It can be tricky to balance all of the above, so take the guesswork out with our Sleep & Nutrition Program, which has been created to provide lots of suggestions around food and meal planning and include access to our nutrition village where you can ask a qualified Dietitian any of your burning questions.

Disclaimer: The advice and information provided in this post is general in nature and based primarily around the Australian guidelines so might not be appropriate for all circumstances. It is important to understand that the advice is intended as a guide only and is not intended to replace an individualized consultation with a medical doctor or qualified health professional.


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Where Can I Go For More Information

For more information on how to introduce solid foods, check with your child health nurse, or call Pregnancy, Birth and Baby on 1800 882 436 to talk to a maternal child health nurse.

What Are Some Signs Your Baby Is Ready For Solid Foods

Before you start filling your babys high-chair tray with solids, it important that your baby shows you that theyre up for the challenge. While they may not have too many questions for the chef about whats on the menu, they will be able to do a few key things that demonstrate their bodies are able to handle solids.

Signs of readiness include:

  • The ability to sit upright and hold their head up without assistance
  • They no longer automatically “tongue thrust”meaning they don’t push food out of their mouth when you try to feed them.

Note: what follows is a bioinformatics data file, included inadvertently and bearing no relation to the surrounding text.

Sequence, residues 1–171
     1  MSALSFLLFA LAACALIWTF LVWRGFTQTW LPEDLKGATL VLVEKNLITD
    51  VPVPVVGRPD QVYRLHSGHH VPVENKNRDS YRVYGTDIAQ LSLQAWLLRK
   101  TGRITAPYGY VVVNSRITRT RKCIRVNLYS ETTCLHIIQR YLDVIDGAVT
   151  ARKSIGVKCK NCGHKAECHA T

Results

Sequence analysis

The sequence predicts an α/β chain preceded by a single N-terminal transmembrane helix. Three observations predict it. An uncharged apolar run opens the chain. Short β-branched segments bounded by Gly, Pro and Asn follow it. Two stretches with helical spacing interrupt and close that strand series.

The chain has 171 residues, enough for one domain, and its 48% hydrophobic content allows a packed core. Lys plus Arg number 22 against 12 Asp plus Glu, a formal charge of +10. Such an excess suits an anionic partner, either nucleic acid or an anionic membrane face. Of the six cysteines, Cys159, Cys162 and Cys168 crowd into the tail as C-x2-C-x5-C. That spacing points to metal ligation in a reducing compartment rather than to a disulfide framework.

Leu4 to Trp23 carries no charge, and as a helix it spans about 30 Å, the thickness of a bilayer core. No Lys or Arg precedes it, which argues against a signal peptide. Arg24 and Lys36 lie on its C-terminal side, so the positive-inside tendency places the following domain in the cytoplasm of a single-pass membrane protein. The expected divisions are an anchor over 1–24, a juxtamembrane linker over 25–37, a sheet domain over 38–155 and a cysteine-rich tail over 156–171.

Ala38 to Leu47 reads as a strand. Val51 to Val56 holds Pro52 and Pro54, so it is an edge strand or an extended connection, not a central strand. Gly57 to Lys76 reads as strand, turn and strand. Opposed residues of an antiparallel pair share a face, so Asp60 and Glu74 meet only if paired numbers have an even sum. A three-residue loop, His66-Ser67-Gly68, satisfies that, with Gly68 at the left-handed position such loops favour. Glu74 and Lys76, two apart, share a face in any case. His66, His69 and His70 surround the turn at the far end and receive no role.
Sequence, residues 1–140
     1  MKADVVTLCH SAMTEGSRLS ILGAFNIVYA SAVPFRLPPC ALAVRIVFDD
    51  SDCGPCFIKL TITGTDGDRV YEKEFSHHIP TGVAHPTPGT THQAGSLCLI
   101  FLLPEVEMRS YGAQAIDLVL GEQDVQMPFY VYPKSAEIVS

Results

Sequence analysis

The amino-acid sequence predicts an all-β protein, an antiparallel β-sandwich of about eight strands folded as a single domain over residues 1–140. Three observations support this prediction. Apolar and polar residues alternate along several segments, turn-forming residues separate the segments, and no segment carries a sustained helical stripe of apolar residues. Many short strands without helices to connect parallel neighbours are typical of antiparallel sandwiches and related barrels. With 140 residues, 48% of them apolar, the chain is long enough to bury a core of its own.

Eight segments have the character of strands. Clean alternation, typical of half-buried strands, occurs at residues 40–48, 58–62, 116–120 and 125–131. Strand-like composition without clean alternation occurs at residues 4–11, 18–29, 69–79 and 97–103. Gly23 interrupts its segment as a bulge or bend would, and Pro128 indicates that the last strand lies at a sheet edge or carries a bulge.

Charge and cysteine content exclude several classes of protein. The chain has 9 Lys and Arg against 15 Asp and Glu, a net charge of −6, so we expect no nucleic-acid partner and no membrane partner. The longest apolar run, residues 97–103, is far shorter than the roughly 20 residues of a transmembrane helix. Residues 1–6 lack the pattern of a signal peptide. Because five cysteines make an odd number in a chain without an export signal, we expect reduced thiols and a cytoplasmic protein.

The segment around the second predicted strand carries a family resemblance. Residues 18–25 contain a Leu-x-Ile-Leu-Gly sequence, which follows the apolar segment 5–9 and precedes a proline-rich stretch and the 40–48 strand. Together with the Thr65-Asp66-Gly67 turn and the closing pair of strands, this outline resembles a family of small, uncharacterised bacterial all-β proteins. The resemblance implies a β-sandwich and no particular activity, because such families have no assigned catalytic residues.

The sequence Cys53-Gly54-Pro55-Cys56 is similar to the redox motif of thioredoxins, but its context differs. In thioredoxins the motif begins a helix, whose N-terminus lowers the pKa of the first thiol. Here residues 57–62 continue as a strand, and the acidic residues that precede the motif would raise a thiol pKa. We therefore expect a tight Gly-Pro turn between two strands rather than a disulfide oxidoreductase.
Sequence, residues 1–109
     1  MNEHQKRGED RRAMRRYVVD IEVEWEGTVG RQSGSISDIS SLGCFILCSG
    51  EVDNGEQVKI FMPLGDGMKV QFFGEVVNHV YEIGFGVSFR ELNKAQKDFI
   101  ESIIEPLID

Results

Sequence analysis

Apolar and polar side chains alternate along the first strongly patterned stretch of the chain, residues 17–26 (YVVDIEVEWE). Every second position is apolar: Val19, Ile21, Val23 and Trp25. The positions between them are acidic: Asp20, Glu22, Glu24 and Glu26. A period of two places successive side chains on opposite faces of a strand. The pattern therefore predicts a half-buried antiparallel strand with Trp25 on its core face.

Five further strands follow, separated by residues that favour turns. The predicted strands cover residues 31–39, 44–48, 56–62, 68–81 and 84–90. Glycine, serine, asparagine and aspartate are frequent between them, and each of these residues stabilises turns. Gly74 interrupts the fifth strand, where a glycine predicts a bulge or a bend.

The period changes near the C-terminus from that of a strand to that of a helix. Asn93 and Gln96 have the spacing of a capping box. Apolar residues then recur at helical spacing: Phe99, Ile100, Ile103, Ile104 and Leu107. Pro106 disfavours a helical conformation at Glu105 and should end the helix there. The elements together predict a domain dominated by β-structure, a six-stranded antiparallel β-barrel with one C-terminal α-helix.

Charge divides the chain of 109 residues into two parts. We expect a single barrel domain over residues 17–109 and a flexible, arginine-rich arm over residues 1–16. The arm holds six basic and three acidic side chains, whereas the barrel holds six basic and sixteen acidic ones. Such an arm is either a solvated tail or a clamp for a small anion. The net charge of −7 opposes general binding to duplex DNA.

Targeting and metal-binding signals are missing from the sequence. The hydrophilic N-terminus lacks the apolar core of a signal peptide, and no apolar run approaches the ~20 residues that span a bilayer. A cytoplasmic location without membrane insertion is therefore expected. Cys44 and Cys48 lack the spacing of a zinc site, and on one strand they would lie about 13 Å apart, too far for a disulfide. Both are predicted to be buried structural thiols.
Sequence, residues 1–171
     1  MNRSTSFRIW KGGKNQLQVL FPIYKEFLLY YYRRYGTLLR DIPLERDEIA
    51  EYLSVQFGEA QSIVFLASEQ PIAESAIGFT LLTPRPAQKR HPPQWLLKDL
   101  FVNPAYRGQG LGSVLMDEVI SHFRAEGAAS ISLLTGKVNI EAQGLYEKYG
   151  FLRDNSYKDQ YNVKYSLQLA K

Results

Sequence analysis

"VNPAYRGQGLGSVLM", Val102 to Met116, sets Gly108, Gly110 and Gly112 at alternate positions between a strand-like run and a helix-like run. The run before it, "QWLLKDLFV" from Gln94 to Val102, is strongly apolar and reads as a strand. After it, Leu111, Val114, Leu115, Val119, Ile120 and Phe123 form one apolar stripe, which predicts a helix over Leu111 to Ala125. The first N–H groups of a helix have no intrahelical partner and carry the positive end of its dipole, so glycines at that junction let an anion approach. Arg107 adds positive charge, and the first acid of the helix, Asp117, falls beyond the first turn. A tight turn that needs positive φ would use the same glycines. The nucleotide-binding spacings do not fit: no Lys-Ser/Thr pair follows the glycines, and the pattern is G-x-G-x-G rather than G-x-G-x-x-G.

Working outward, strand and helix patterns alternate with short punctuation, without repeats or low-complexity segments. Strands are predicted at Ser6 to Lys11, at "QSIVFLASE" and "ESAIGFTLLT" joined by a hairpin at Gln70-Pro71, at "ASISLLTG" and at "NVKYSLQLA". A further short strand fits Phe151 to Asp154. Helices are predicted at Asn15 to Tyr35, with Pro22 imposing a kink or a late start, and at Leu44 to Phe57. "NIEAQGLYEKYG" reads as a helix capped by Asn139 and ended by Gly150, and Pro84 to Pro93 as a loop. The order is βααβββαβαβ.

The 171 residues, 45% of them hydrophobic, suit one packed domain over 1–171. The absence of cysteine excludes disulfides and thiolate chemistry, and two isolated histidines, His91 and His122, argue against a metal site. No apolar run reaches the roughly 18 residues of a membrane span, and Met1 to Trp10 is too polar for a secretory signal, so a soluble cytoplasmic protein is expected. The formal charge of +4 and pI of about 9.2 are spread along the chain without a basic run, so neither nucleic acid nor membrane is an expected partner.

• Your baby gives your signs of hunger, and milk alone no longer appears to be enough to keep them full.
  • Your baby starts smacking their lips and reaching out to grab your fork when they see you eating.

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To 9 Months Old Feeding Schedule

Expressed breast/human milk or formula: 24 to 32 fluid ounces per day4

Solids: 2 meals

Baby is likely bottle-feeding five to eight times per day, with most still taking one or more bottles during the night. At this age, some babies may be more confident eating solid food, but breast/human milk and formula should remain babys primary source of nutrition. Although baby may be drinking slightly less, you shouldnt see a large drop in milk feeds some babies do not change their milk intake at all yet. If you have noticed a large drop, consider offering fewer solid foods. Breast/human milk or formula is still important at this age, and weaning should be slow.

Baby is likely awake for about 2.5-3 hours at a time, and most babies will nap two times a day, though some 8-month-old babies hang on to their third nap a little longer, until around 9 months of age.

Please note that many babies and parents prefer to offer bottles right before nap as part of the nap routine. This works as well. Our sample schedule shows separate naps and bottles for those who choose to work on disassociating sleep and eating . However, if this is not a priority for you and your family prefers bottles as part of the sleep routine, you can modify the timing of bottles accordingly.

Continue offering small amounts of water in an open or straw cup at mealtimes, alternating between open and straw cups for practice.

Is Your Baby Ready For Solids

BABY EATING Solid Food for the FIRST TIME | COOK WITH ME episode 9

How can you know if your baby is ready for solids? Follow their cues, says Dina DiMaggio, a pediatrician from New York City and co-author of The Pediatrician’s Guide to Feeding Babies and Toddlers.